NSF grant to create dynamic model for advanced manufacturing of metal components
UNIVERSITY PARK, Pa. – Penn State researchers have received a two-year, $277,000 grant from the National Science Foundation (NSF) that will support fundamental research on an integrated paradigm of modeling and advanced control for additive manufacturing (AM) of critical metal components.
Qian Wang, professor of mechanical engineering, is the principal investigator of the project, titled “Modeling and Control for Laser Based Additive Manufacturing Processes.”
She is collaborating with co-PIs Ted Reutzel, head of the laser process technology department at Penn State’s Applied Research Laboratory and an affiliate faculty member in the Department of Engineering Science and Mechanics, and Pan Michaleris, a former professor in the Department of Mechanical and Nuclear Engineering.
“Additive manufacturing is currently very popular with the research community but it hasn’t been widely adopted by industry due to challenges in the process, such as accuracy of part geometry and mechanical and material properties of the processed part,” said Wang.
She said without a good understanding of some of these challenges, people often now experiment with additive manufacturing by trial and error.
“For instance, someone may want to build something but they might only have a rough estimate of what the laser power and laser scanning speeds should be in order to get the results they want to achieve. If it doesn’t work they have to change those parameters and redo it. This can be costly in terms of time and money,” explained Wang.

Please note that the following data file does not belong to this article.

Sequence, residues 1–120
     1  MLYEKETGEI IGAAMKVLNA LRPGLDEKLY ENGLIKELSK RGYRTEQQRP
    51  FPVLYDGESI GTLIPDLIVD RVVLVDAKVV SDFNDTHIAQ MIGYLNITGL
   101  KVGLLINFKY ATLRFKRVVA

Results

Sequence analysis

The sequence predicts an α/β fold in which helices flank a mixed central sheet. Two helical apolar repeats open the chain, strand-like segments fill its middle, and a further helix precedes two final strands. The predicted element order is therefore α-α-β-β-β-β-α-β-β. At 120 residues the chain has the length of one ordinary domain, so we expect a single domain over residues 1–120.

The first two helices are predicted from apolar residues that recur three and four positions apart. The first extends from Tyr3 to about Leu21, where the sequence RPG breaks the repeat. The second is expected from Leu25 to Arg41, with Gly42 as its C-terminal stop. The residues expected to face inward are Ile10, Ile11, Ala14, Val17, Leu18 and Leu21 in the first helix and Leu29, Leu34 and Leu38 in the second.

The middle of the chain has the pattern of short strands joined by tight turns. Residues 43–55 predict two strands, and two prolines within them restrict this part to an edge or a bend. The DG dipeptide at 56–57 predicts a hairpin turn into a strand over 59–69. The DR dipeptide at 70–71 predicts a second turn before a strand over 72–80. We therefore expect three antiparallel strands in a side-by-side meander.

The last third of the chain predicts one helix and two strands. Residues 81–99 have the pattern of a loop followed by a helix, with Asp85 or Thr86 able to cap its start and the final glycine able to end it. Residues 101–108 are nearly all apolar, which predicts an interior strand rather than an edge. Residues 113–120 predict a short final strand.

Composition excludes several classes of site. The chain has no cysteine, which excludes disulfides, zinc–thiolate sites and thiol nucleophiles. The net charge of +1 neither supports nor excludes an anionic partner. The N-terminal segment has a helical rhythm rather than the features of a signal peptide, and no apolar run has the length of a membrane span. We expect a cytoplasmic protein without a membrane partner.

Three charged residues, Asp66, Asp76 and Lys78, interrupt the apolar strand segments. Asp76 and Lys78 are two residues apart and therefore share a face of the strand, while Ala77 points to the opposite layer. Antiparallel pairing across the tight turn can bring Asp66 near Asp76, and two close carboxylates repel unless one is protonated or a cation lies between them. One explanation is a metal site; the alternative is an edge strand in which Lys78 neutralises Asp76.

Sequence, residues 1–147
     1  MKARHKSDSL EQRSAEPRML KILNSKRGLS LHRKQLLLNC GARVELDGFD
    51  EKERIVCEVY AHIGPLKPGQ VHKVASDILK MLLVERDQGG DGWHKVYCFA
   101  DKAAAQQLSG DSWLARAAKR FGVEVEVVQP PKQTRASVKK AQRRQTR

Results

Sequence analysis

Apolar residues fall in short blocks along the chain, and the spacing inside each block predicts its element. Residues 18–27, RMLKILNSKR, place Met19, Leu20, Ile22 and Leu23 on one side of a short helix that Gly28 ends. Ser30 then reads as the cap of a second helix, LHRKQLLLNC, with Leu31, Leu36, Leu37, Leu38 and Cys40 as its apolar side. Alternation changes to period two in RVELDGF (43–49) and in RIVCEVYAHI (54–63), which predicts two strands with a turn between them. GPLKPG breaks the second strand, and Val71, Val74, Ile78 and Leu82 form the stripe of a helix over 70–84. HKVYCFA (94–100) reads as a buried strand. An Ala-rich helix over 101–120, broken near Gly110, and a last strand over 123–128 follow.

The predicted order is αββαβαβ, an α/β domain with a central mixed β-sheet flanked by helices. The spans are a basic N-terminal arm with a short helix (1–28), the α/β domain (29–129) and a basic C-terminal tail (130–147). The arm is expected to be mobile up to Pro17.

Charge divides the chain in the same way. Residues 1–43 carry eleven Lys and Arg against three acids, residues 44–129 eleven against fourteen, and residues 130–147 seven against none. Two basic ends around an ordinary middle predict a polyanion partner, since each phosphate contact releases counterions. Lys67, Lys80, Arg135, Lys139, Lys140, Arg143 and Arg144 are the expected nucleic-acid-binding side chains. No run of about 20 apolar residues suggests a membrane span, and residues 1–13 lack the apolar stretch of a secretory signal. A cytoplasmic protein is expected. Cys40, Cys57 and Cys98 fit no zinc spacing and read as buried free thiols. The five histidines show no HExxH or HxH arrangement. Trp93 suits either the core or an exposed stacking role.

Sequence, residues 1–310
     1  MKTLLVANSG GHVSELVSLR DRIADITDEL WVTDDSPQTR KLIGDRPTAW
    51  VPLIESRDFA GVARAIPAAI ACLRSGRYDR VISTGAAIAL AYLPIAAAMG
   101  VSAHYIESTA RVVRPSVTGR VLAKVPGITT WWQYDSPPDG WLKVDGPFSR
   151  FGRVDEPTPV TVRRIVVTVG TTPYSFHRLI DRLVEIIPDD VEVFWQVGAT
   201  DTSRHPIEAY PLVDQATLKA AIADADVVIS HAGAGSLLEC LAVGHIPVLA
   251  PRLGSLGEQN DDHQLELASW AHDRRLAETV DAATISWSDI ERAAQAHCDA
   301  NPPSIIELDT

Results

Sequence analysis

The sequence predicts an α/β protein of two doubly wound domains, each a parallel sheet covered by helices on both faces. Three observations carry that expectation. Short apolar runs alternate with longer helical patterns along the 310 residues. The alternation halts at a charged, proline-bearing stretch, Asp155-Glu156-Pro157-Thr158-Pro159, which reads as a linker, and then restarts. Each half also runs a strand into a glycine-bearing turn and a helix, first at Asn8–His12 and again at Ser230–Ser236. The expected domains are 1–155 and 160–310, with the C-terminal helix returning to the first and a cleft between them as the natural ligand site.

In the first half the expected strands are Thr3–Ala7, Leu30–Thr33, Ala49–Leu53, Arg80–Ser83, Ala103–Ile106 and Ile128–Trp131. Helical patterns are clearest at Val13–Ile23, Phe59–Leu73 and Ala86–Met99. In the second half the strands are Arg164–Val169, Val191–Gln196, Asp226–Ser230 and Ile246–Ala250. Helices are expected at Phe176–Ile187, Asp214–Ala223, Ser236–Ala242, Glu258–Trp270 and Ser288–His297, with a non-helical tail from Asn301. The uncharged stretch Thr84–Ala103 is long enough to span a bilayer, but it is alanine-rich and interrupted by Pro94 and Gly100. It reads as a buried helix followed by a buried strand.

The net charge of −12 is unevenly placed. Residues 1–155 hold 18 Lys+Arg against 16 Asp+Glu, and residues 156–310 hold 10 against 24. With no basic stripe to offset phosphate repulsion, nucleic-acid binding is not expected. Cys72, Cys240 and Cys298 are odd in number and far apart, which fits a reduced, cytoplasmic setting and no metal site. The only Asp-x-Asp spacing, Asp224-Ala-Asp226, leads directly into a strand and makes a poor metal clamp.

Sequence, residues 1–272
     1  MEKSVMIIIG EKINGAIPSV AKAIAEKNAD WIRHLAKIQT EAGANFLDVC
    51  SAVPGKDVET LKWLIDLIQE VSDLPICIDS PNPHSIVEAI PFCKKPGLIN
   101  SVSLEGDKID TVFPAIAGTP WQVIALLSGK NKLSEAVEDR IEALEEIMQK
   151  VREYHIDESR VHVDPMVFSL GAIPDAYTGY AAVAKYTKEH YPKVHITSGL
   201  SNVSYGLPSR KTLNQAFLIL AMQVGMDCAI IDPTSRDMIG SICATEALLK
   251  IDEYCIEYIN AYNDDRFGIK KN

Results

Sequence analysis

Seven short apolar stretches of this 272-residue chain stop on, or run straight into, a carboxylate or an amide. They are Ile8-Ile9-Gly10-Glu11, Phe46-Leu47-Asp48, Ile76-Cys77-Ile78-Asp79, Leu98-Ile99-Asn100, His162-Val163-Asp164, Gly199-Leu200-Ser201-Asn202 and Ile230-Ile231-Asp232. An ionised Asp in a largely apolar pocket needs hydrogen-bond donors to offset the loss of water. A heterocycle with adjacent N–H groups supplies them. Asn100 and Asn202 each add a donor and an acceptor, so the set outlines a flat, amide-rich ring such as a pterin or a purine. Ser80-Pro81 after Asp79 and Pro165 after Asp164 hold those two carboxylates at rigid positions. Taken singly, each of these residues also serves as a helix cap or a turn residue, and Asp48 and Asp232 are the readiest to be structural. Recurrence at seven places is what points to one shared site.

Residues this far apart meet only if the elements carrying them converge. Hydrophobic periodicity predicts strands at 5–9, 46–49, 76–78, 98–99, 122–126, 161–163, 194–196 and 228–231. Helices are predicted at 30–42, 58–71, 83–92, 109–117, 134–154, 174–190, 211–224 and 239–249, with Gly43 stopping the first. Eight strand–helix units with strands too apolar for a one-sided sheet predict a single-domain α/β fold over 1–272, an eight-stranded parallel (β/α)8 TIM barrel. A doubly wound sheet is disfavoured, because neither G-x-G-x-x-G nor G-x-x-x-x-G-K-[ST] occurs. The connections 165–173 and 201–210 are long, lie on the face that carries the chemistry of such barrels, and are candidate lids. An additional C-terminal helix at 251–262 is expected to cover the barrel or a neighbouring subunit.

Wang and her research group are working in three areas—modeling, sensing and control—in order to streamline these laser-based AM processes, in particular direct metal deposition.
“Pan’s area of expertise is finite element modeling. He developed high-fidelity finite element analysis, or FEA, software (formerly called CUBES and now sold to Autodesk), which provides a thermo-mechanical modeling capability for AM processes. I am working on a simplified 3D model that will capture the main features and characteristics of Pan’s model and yet be flexible enough for me to implement good control designs,” said Wang.
Reutzel’s expertise, said Wang, is in sensing.
“Ted provides real-time sensing and measurements such as temperature and geometry of a part in build, and such information will be used in the implementation of a feedback control,” she said.
Wang said one key difference between her proposed 3D model and existing 1D models is that hers will account for these geometric effects and thermal history.
“Current control-oriented models tend to ignore thermal history, which can affect the microstructure, residual stress and distortion of the final product,” she explained.
Once Wang’s model is developed, users can provide her with a specific target geometry and she, in turn, will be able to design the process parameters in order to achieve the desired piece.
The long-term goal of the trio’s work is to help reduce manufacturing costs and increase competitiveness of U.S. industry by decreasing time required during the trial-and-error process and by improving the accuracy and stability of the AM process.
The researchers’ modeling and control design will be tested and evaluated at Penn State’s Center for Innovative Materials Processing through Direct Digital Deposition.
The project is funded through the NSF Civil, Mechanical and Manufacturing Innovation Dynamics, Control and System Diagnostics Program.